Repeat Prescriptions

Repeat prescriptions are medications which appear on the reverse of your prescription which your doctor would like you to continue on a regular basis. Please make sure you re-order your medications before you run out! Our turnaround time is 5 working days.

Non-urgent advice: Pharmacy Update

From 1st April 2024, pharmacies are no longer able to request repeat medications on your behalf, unless you are unable to make your own requests to Mill Hill Surgery.  This is in line with national and North West London guidance to minimize prescription error and reduce waste.  Please contact Mill Hill Surgery if you feel that you are unable to request your own medications.


In Person

Fill in a prescription request form or tick the items needed on the tear-off side of your prescription and drop it into the surgery. Please do not order any medications you do not need.


If a stamped addressed envelope is supplied, your prescription can be returned via Royal Mail. Find our postal address.

Emergency prescription requests are requests for medication which you have run out of and need, to prevent you becoming severely unwell. Emergency medications include; antiepileptic medication, insulin, inhalers and adrenaline pens for anaphylaxis.

Emergency prescription requests cannot be used for medication which has been ordered late. You should allow up to 4 working days for routine repeat prescription requests. Please respect our staff, as it is your responsibility to ensure that your repeat prescription request is ordered in plenty of time.

If you normally take regular repeat medication please let us know by:

Giving us a copy of your repeat prescription slip.

Give us a copy of your medication label on your medication box or bottle which has your name, medication dosage and date.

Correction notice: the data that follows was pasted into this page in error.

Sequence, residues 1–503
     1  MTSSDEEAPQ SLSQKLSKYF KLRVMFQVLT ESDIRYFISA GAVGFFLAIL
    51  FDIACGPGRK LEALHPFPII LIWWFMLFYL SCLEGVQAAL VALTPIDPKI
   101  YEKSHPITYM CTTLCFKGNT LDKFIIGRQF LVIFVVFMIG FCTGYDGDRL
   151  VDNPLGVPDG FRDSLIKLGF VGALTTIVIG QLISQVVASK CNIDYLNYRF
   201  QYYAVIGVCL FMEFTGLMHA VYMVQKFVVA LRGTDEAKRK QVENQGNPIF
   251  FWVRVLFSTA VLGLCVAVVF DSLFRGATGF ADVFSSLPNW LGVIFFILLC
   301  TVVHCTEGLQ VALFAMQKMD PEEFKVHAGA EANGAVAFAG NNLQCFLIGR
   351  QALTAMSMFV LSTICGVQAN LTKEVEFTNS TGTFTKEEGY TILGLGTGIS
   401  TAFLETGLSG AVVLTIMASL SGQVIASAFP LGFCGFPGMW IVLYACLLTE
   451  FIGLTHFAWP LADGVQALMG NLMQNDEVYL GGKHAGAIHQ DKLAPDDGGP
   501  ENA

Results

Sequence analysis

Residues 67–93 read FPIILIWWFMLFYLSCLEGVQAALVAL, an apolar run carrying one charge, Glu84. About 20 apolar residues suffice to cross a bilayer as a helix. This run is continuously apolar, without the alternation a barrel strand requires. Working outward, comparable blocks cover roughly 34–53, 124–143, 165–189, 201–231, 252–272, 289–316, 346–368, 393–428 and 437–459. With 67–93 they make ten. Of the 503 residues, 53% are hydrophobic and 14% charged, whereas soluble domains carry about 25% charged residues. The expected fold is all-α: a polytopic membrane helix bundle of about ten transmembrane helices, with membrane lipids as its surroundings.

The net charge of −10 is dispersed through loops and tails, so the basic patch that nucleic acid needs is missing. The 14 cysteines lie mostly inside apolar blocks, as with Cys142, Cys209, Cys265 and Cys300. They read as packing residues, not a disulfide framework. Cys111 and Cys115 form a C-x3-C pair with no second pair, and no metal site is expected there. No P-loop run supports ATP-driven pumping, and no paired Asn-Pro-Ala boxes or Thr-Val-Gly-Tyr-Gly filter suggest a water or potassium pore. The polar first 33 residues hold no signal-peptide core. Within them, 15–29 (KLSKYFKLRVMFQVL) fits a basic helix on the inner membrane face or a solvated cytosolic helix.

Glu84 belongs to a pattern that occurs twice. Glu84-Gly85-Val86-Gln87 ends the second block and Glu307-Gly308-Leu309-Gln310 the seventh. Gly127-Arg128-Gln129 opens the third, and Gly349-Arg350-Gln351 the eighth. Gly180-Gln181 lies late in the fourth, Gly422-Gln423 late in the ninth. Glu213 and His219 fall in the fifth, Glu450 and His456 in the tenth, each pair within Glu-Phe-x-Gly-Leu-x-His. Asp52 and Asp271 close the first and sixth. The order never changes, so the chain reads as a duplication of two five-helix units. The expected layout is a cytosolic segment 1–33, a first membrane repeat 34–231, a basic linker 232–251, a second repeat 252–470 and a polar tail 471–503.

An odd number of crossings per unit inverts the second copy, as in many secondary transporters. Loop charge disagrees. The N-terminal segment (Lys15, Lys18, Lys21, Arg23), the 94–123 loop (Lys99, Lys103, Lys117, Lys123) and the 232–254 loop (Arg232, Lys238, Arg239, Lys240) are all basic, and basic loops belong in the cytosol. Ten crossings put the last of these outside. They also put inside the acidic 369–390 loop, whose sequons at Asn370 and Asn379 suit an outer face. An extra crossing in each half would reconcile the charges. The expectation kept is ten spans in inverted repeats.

The prescribing pharmacist will check your medication list and put them on the repeats list but we recommend you make an appointment with the Doctor or Pharmacist to have a medication review within the first month of registering with the surgery. It can take a 4 to 6 weeks for your previous records to be delivered to us from your last GP surgery.  If you need medication before that, you can bring in your repeat slip and request your medication. Your doctor might need to contact you about your medication request. Please allow up to 5 working days for a prescription request.

If you have an on-going problem and would like another prescription of a medication previously prescribed to you by the doctor (but not on your repeat list) you may request another prescription. Please let us know the reason for your request and a contact number, in order for the doctor to review your request.

You can make the request online via Systm Online.

Non-repeat medication request may take up to 4 working days to process and the doctor may wish to speak with you.

Requesting Online

You are able to request your repeat prescription via our online services; Systm Online.

Why does it take 4 working days to process a repeat prescription request?

At Mill Hill Surgery over 200 prescriptions are requested every day.